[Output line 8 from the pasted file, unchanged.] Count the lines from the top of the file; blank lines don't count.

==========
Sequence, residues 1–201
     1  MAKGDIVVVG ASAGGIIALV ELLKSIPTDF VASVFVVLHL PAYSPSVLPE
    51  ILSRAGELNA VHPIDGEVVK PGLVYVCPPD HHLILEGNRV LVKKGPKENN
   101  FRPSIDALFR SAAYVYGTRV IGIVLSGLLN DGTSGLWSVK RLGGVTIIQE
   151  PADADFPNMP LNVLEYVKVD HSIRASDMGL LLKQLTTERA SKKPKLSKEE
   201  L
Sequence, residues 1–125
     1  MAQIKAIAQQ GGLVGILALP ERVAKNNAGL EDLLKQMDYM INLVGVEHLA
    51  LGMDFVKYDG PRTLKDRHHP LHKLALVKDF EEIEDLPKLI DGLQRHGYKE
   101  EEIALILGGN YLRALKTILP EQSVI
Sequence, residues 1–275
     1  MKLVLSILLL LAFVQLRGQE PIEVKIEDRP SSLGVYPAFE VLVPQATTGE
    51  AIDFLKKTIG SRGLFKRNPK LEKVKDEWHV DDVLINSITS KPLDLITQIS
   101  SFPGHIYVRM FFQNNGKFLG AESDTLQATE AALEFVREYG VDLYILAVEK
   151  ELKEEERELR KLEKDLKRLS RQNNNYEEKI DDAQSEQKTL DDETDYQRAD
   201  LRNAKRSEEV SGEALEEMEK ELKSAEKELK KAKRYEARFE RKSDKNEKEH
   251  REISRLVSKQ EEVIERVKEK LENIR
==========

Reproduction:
     1  MAQIKAIAQQ GGLVGILALP ERVAKNNAGL EDLLKQMDYM INLVGVEHLA